The leak-detector market, ironically enough, is flooded with devices.
Most of the gadgets have the same basic design -- two probes that set off an alarm when they're connected by water. So, it's tough for a new entry to rise above the rest, which makes it all the more surprising that one just did.
The Roost Smart Water Leak and Freeze Detector costs $50 (that's about £40 or AU$65), placing it firmly in the middle of the leak detector price range. But the Roost's design surprised me by working better than most of the devices at the high end of the market.
The Roost detector is feature rich, as far as flood sensors go. It has two probes, running parallel in a loop around the base of the device, to sense water. It also tracks humidity and temperature, graphing them so you can see trends over a 24-hour or seven-day period.
The coils on the bottom of the Roost extend its range, and they don't rest on the ground, like the otherwise-impressive Fibaro Flood Sensor. Since the coils are slightly suspended, the detector won't set off a false alarm when placed in a drip pan, or on a similarly conductive surface.
The Roost's biggest feature is its Wi-Fi connection. Sensors without a Wi-Fi connection, such as SmartThings and Wink, require a smart hub, which is a barrier to entry for many people. The two best sensors that do connect directly to your phone via Wi-Fi are both solid products, but they're more expensive -- the D-Link costs $60, and the Honeywell clocks in at $80.
Between an easy setup, a solid set of features, and Wi-Fi connection, the Roost seems like the best option on the market right now. But a few drawbacks keep it from total domination. First, it doesn't work with any major smart home platforms, such as Apple HomeKit or Google Home. This isn't the end of the world but it does mean you'll need to download another app, which is kind of annoying to keep on your phone for a passive monitoring device.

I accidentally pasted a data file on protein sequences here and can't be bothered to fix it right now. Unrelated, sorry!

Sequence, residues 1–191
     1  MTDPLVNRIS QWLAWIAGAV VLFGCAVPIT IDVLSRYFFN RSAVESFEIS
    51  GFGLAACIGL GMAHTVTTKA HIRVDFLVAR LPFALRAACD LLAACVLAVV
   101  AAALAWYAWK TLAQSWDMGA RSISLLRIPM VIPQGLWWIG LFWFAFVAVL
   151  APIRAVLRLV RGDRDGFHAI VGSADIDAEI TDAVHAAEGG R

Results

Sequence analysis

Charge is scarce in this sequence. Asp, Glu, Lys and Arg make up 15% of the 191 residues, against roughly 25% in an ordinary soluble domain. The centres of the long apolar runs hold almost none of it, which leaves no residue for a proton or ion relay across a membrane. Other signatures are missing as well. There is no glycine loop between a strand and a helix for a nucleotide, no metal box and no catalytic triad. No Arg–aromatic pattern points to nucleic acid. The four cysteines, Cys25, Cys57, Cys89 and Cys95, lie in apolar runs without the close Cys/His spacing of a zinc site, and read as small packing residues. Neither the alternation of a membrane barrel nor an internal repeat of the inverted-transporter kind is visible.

The second big drawback is that the Roost isn't waterproof. While the detector isn't a totally leaky bucket, it certainly lets water in through the alarm's top speaker holes. A few drops of water splashed on these holes while I was testing the Roost and the alarm kept going off for nearly an hour -- even after I'd removed it from the water. More worryingly, the Roost sensor won't survive being submerged. So it's a one-shot deal in the case of serious flooding.
Despite its weaknesses, the Roost's strong design and feature-rich interface -- all for a comparably low price -- make it one of the most appealing devices on the market. If you don't already own a smart home hub, then the Roost and the D-Link should be the top two contenders for your flood sensor of choice.